Academic journal article Proceedings of the American Philosophical Society

Chinese Development in Long-Run Perspective1

Academic journal article Proceedings of the American Philosophical Society

Chinese Development in Long-Run Perspective1

Article excerpt

AMONG DEVELOPMENT ECONOMISTS who dabble in history (as opposed to people like me-a historian who dabbles in development economics), there is considerable debate these days over what is called the "reversal of fortunes" argument.2 One group argues that various parts of the world that were once relatively rich became poor because succeeding in certain ways led to events and institutional configurations that then became major disadvantages. The opposite position argues that advantages and disadvantages tend to accumulate over time, that there is rarely a pattern of behavior so entrenched that it can't be eliminated if people see that it's in their interest to do so, and that, despite certain temporary anomalies, the places that are relatively rich today tend to be those that have been relatively rich for a long time. Depending on how you define your spatial and temporal units, China turns out to fit either position-which probably means there is something wrong with the way the debate has been framed.

Coastal China from Shanghai on south was probably among the richest regions on earth until the Industrial Revolution: in particular, living standards in the Yangzi Delta (population 31 million plus in 1770) were probably comparable to England's and Holland's in the mid-eighteenth century. Its agriculture was exceptionally productive-not only per acre, but per labor day; its extensive handicraft industries (especially textiles) yielded incomes comparable to those of textile workers anywhere, and at least some of its markets were remarkably well integrated.3

This relative prosperity was linked to large-scale inter-regional trade. The Delta exchanged manufactures (above all cloth) for raw cotton, rice, timber, and other primary products from North China, the Middle and Upper Yangzi, and other internal areas. It had little heavy industry, however, largely because it lacked energy sources: wood, coal peat, or even water power (due to flat terrain). It also lacked most metallic ores.4 Most of its industry was rural, which was hardly unusual prior to 1800.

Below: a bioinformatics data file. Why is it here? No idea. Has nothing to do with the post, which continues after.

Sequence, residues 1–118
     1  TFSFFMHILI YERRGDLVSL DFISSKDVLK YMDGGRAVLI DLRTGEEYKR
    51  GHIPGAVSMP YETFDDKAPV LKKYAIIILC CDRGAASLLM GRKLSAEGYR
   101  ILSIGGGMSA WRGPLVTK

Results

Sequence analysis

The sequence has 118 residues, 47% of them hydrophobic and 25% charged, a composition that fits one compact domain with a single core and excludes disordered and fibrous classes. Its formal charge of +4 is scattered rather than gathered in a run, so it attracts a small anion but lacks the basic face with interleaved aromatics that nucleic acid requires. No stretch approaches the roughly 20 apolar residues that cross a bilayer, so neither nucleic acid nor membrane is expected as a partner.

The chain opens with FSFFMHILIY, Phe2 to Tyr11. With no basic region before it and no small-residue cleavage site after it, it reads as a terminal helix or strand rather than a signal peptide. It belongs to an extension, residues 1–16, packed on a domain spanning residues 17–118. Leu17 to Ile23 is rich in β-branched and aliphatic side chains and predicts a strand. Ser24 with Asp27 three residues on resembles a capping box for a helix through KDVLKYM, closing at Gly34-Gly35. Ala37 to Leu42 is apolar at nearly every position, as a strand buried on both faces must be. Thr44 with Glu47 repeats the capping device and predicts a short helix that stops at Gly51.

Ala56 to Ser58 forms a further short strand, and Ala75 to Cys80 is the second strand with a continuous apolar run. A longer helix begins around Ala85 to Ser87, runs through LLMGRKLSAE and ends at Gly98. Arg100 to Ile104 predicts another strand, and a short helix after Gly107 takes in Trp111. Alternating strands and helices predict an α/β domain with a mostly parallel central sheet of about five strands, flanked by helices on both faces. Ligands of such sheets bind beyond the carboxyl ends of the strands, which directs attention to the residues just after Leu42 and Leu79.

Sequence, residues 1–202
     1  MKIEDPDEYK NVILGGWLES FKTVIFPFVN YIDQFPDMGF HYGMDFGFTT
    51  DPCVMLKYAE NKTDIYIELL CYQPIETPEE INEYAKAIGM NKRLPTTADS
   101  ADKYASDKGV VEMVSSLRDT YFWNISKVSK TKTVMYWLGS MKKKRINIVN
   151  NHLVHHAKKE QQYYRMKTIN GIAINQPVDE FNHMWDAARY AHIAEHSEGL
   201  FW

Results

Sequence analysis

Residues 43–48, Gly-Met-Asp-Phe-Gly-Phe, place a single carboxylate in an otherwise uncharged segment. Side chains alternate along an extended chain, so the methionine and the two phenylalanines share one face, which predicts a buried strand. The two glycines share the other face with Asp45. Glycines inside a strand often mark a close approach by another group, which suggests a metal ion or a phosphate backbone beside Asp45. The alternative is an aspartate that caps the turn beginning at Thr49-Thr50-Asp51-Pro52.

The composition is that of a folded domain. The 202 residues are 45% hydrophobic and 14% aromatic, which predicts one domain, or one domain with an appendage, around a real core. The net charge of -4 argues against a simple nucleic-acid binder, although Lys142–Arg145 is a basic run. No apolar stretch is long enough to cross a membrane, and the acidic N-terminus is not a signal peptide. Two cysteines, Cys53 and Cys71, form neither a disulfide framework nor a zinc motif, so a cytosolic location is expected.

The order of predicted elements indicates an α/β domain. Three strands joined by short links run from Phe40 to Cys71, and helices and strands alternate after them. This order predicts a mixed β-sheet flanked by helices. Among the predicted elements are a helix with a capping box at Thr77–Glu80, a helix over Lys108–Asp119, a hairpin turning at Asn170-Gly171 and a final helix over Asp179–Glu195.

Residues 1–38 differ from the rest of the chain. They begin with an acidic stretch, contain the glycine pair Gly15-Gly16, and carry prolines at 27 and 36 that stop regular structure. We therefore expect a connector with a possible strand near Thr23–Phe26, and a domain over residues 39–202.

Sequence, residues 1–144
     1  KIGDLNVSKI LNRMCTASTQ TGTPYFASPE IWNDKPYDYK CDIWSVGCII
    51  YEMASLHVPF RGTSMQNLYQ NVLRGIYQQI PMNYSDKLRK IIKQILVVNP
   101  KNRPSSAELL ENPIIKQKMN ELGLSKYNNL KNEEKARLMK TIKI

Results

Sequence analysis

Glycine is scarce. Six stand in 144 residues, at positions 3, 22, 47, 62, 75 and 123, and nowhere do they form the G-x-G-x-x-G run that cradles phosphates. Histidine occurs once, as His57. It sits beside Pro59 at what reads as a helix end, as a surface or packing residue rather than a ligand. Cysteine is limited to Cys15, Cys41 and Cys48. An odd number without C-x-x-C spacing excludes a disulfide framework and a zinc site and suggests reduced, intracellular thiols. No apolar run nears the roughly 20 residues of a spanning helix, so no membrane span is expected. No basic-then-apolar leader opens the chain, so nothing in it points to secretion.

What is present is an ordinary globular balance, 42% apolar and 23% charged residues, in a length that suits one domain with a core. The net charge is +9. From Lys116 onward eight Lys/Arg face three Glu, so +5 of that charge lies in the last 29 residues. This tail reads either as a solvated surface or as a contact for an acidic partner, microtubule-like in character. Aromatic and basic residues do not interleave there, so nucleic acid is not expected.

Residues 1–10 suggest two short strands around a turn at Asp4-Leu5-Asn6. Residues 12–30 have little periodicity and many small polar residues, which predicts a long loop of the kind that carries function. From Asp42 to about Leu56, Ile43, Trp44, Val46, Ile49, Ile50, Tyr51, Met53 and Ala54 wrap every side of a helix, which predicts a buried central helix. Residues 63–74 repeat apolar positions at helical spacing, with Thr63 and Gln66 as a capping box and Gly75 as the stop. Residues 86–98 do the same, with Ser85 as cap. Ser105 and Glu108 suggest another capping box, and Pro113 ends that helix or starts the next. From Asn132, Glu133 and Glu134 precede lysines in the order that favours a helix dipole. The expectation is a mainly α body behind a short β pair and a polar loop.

But in another way, at least, the two ends of Eurasia were increasingly different. From the sixteenth century on, a growing percentage of rural European laborers in both agriculture and industry were proletarians-free people without property, who lived by selling their labor for wages. By 1800, they made up two-thirds of the European labor force, by one calculation;5 and though a stricter definition would yield much lower figures (particularly in Eastern Europe, where many people still had some land use rights that they received in return for compulsory labor), they certainly predominated in "advanced" England and the Netherlands. Moreover, most proletarians in those countries worked in agriculture or in other occupations, but not in both; farm work and unskilled manufacturing and service work had become separate markets in England and the Netherlands, even when they overlapped spatially.6

In China, however (and, for different reasons, Japan), proletarians made up less than 10% of the eighteenth-century rural population.7 In poorer regions, most farmers were smallholders; in richer regions, tenancy was widespread, but most tenants had very strong cultivation rights, which were themselves a kind of property.8 Having secure usage rights, these tenants, rather than the subsoil owners, made many landimproving investments. They also resembled owners of their own means of production in that they earned something closer to their average product than their marginal product: preliminary estimates suggest that secure tenants in both mid-eighteenth- and early twentieth-century Lower Yangzi earned 2.5-3 times as much as landless laborers.9

The Chinese state, which wanted an independent peasantry it could tax and draft without going through local magnates, supported these arrangements.10 They were further stabilized by the low reproduction rate among proletarians. …

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